Milan Fashion Week has only just finished and for Emma and Francesca, who work at a fashion company, it’s a really busy time. In fact, various presentation videos of the new clothing and accessory collections were recorded during the runway shows.
Emma – the human resources training coordinator – will upload these videos onto the e-learning platform used for courses aimed at all employees, including people working at foreign branches. Francesca – the marketing and communication manager – will publish them on the company’s website and YouTube channel. Before these videos can be used, Emma and Francesca have to get them subtitled and dubbed into English, Spanish, Chinese and German.
There are two audiovisual translation techniques which can turn a video into an effective company training and promotional tool: voice-overs and subtitling.
Dubbing in voice-overs involves playing a translated voice over the original audio track.
To achieve a high-quality voice-over, the project manager who oversees the audiovisual project has to:
- get the dialogue transcribed, which is often ‘off the cuff’ in runway videos;
- prepare the scripts for the voice-over;
- choose and coordinate the mother-tongue translators;
- handle the casting for the dubbers’ voices, ensuring they have the right tone of voice and pronunciation for the customer’s requirements;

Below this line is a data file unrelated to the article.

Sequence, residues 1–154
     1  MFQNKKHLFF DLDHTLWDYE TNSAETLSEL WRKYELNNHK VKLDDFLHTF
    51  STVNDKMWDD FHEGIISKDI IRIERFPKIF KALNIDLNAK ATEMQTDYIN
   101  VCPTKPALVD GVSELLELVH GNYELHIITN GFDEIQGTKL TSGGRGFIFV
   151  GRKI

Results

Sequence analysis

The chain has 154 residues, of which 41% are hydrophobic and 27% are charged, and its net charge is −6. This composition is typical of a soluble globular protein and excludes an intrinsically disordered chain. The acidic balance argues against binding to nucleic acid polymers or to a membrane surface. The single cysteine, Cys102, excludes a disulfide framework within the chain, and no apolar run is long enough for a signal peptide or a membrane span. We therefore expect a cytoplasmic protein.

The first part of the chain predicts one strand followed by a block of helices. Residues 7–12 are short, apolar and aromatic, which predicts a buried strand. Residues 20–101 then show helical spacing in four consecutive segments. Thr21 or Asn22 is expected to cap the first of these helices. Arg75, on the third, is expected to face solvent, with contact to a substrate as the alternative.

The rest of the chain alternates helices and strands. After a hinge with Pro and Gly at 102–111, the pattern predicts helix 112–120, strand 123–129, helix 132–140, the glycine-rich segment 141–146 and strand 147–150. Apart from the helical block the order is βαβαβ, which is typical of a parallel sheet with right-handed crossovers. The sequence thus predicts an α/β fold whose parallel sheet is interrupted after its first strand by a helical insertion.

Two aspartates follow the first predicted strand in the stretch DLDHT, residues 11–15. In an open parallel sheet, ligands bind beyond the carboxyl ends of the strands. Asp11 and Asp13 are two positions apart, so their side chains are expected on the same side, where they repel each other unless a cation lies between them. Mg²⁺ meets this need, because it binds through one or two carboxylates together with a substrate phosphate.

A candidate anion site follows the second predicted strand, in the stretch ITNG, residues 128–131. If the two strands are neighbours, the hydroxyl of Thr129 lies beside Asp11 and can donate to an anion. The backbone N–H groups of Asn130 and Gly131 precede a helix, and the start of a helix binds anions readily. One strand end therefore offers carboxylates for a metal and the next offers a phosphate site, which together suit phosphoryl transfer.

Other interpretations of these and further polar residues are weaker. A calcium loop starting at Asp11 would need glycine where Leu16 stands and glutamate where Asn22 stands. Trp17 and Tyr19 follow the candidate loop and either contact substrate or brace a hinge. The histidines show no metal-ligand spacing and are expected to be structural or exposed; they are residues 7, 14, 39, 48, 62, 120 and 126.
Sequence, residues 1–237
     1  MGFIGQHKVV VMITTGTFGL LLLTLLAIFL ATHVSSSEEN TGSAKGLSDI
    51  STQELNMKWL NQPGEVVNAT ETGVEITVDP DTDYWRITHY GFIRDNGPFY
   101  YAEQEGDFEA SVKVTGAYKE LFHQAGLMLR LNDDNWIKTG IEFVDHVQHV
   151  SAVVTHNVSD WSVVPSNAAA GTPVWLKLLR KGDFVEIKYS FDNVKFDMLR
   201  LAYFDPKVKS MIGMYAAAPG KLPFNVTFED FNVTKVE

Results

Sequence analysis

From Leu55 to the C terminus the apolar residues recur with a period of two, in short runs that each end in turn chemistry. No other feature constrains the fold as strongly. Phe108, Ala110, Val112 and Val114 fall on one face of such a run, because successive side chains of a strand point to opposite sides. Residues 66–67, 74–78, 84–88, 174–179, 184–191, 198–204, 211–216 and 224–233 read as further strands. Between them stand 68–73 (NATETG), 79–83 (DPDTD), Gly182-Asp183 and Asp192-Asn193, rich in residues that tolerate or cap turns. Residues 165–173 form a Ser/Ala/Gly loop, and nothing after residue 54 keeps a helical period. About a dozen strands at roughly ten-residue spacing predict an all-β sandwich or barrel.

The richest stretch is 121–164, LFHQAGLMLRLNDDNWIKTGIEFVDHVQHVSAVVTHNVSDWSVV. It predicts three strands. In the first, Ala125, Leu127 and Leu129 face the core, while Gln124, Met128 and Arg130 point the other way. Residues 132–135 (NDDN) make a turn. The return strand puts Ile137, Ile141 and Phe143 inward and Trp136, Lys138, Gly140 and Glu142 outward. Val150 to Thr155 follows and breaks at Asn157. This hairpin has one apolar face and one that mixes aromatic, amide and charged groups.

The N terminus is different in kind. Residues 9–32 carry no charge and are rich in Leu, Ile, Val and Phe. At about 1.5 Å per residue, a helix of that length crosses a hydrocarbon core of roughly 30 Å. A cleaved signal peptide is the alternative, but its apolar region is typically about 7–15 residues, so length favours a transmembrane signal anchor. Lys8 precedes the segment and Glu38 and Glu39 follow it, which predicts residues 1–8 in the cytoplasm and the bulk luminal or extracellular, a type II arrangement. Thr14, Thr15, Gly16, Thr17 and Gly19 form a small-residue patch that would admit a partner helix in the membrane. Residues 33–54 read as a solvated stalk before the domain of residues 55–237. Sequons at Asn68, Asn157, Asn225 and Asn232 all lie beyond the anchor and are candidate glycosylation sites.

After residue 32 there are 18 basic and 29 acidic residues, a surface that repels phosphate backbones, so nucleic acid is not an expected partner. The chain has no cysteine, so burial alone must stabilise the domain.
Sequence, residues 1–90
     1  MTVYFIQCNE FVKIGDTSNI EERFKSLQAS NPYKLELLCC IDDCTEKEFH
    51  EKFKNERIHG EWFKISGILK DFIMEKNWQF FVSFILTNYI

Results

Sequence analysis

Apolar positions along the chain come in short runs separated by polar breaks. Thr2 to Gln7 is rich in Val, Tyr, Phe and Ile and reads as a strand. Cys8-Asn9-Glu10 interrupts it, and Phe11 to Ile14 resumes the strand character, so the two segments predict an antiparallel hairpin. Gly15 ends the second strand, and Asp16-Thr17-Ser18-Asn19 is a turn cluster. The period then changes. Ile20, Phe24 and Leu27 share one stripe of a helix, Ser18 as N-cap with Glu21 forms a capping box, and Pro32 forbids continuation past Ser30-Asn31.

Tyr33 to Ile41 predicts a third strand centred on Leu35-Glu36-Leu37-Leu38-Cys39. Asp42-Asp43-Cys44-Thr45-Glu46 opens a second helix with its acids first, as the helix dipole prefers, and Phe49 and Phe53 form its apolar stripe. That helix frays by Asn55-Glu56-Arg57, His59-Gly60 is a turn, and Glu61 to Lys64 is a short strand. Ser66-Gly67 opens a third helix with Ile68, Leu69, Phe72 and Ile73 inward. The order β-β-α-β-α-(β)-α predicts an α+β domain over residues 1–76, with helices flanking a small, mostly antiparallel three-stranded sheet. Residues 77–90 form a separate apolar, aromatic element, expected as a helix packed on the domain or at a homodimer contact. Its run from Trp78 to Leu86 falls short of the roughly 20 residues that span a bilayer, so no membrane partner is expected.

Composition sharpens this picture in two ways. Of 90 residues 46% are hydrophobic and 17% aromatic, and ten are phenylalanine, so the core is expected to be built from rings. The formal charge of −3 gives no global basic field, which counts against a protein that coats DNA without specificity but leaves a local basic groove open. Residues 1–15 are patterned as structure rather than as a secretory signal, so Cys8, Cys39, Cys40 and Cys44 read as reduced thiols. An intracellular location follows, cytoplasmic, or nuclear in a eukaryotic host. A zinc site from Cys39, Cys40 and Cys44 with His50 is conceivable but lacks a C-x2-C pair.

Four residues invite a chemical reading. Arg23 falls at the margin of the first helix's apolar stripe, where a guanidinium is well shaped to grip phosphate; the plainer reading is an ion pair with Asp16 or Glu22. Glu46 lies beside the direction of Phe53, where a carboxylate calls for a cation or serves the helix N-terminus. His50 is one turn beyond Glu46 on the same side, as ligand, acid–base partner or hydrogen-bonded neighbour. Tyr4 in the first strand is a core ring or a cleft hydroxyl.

- plan the dubbing shifts;
- check and review the project, ensuring that the audio track has been properly added.
It’s essential that the translated texts are recorded in a professional recording studio by mother-tongue dubbers who can repeat the dialogue as naturally as possible.
Subtitling accompanies the voice-over and adds extra important information alongside what has already been said by the narrator.
Creating subtitles is not a process of pure translation: in fact, the translator has to summarise and get rid of much of the dialogue – such as dialect terms, interjections or hesitations – to get a suitable text string that respects the length, reading speed and syntactic structure.
This is why to get professional subtitles, you need to:
- translate and revise the whole text in the required target language;
- get rid of any unnecessary parts without changing its general meaning;
- abbreviate sentences the meaning of which can be worked out from the video;
- add and synchronise the subtitles;
- further adapt the text (for example, replacing words that are too long with synonyms or changing the structure and syntax of the sentence) if there are any problems with synchronisation.
Thanks to CAT Tools (http://bit.ly/CAT-Tool-StudioTre), STUDIOTRE can handle the various formats of video (MP4, MOV and AVI) and subtitle files (SRT): we can therefore translate directly using the source files, avoiding typical “copy and paste” errors and guaranteeing the customer saves time and costs when adapting graphics and the layout.
If you want to experience the effectiveness of translated videos for your company strategies, send us a message to get more information or request a quote: firstname.lastname@example.org.